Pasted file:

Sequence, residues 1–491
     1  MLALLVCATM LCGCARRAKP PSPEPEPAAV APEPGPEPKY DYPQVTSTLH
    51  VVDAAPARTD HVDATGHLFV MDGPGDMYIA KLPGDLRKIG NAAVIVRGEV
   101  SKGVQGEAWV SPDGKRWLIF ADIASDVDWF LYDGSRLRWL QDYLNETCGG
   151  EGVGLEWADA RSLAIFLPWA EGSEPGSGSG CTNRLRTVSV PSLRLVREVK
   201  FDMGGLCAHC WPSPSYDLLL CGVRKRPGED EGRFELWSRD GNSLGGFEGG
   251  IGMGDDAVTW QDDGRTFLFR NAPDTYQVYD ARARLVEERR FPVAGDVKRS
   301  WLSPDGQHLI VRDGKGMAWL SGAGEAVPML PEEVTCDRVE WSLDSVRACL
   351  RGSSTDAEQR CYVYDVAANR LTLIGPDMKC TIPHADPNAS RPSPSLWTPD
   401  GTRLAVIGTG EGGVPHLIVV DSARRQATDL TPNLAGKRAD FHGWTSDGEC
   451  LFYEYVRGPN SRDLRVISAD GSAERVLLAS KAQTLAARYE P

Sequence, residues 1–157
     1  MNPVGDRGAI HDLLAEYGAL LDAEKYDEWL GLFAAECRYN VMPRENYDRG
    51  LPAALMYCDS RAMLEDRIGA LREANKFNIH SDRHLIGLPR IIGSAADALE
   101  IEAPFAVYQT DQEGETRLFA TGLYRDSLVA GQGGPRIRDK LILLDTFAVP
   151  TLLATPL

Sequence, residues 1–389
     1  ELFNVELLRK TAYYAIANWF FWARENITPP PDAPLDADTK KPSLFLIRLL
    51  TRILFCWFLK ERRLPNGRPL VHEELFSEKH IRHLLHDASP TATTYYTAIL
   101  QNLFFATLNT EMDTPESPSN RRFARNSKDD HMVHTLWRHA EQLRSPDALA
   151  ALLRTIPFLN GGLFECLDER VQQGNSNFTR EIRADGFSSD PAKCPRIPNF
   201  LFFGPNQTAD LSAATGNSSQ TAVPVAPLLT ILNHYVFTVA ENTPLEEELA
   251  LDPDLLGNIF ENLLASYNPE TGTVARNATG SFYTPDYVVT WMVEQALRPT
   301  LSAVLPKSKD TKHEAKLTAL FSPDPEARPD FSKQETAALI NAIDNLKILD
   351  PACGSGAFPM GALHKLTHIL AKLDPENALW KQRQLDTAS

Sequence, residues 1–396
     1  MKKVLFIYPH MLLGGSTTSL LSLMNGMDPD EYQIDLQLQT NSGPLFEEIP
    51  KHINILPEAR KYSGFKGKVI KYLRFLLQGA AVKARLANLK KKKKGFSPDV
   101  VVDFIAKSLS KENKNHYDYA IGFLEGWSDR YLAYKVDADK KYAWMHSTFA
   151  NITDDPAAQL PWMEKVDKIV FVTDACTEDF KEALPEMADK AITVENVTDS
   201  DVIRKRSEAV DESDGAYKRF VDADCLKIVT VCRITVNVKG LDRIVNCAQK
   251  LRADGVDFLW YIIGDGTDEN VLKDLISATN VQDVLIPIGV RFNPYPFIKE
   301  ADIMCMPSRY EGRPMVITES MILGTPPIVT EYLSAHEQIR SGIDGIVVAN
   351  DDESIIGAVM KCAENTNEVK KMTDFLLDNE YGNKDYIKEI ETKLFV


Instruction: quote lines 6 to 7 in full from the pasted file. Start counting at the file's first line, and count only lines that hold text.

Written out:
   201  FDMGGLCAHC WPSPSYDLLL CGVRKRPGED EGRFELWSRD GNSLGGFEGG
   251  IGMGDDAVTW QDDGRTFLFR NAPDTYQVYD ARARLVEERR FPVAGDVKRS